We have tabled two other amendments which are included in this group and it may be helpful if I remark upon them now. I refer to Amendments Nos. 119 and 127A. I hope that to some extent they are self-explanatory. As it is currently drafted, the Bill does

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not provide any power to require the attendance of the child, parent or guardian on the making of an order, yet subsequently a breach can give rise to a care order under Section 31 of the 1989 Act without the need to comply with the normal statutory requirements of being satisfied that the child is suffering or is likely to suffer harm and that it is attributable to the care being given to him or that he is beyond parental control.

Granting of a care order should be a matter of last resort. I am certain that the Government will agree with that. It should be issued only after great care has been taken to ensure that all parties have been fully and fairly heard. Those who have trained for membership of the family proceedings court within the magistrates' court will remember the statistic that if a child is taken into the care of a local authority and is not returned to its family but spends six months in care, it is highly likely that the child will never return home. The making of a care order therefore seems to be a Draconian step.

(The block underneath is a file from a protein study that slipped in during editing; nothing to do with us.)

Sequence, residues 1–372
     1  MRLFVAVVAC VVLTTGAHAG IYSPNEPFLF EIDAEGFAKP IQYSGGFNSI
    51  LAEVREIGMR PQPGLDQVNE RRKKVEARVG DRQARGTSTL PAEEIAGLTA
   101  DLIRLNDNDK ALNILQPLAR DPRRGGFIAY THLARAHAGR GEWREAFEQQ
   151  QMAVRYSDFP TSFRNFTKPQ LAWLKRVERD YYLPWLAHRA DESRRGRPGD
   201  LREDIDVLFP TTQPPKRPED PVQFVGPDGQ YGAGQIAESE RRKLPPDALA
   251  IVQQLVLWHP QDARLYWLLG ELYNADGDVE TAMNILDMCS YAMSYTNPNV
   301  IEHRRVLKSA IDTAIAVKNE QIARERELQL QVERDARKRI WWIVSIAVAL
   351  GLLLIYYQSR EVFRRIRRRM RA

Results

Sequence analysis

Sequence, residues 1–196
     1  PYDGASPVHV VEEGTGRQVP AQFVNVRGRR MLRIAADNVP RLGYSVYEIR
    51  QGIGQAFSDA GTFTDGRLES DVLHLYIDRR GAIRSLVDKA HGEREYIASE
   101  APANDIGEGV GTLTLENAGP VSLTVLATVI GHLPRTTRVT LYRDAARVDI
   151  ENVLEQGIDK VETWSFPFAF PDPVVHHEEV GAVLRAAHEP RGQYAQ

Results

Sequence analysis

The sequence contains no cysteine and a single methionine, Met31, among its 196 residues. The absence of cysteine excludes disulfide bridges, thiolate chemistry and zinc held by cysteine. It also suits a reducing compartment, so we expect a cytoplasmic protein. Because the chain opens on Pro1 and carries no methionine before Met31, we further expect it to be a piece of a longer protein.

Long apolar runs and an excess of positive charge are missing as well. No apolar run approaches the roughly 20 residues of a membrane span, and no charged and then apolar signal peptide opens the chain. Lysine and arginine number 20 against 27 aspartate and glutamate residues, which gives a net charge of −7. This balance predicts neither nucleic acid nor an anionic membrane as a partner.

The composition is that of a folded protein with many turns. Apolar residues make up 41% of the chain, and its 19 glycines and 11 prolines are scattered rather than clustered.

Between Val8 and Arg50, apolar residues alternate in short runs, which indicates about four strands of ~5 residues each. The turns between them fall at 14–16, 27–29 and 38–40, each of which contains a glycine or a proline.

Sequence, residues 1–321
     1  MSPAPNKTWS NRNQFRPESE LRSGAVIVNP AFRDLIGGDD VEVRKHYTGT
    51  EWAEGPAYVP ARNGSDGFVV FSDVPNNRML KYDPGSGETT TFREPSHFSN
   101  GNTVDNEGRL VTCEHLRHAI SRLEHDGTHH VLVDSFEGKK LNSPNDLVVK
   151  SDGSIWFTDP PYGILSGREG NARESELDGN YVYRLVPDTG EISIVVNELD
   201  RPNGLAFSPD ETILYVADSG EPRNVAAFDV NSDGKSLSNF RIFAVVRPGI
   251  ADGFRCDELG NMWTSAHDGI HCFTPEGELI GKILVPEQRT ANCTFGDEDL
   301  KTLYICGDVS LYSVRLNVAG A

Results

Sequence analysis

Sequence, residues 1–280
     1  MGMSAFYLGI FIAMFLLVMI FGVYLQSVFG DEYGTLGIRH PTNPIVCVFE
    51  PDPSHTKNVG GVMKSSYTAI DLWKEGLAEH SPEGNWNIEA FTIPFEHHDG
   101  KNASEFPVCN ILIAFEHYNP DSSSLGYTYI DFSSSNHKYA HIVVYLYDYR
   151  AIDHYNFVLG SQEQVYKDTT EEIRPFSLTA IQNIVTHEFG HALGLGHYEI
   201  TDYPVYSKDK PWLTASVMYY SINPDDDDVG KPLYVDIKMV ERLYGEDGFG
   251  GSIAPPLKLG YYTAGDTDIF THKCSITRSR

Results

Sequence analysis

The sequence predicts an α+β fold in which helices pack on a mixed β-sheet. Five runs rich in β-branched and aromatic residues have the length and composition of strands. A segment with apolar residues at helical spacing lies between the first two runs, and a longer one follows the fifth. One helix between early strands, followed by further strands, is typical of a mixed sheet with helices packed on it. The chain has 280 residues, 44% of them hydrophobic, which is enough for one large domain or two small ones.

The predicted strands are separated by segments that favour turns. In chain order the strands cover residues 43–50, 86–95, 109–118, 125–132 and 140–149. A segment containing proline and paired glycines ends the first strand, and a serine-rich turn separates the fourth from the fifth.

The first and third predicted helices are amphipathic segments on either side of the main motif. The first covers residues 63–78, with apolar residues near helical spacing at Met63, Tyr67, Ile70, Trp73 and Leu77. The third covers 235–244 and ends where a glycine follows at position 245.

As the Magistrates' Association pointed out--we are grateful to it for the advice it offered on the amendments--it would appear that a child safety order can be made without the child or parent being required to attend the court. The making of the order could in itself be seen as the first event which triggers the possibility of a care order being made later for breach of that order. The association also points out that an anomaly arises as a result of the provisions of Clause 12(2) which requires the court to explain the effect of the order to the parent or guardian. Since there is no power to compel the parent or guardian to attend, the question arises as to how that would be done.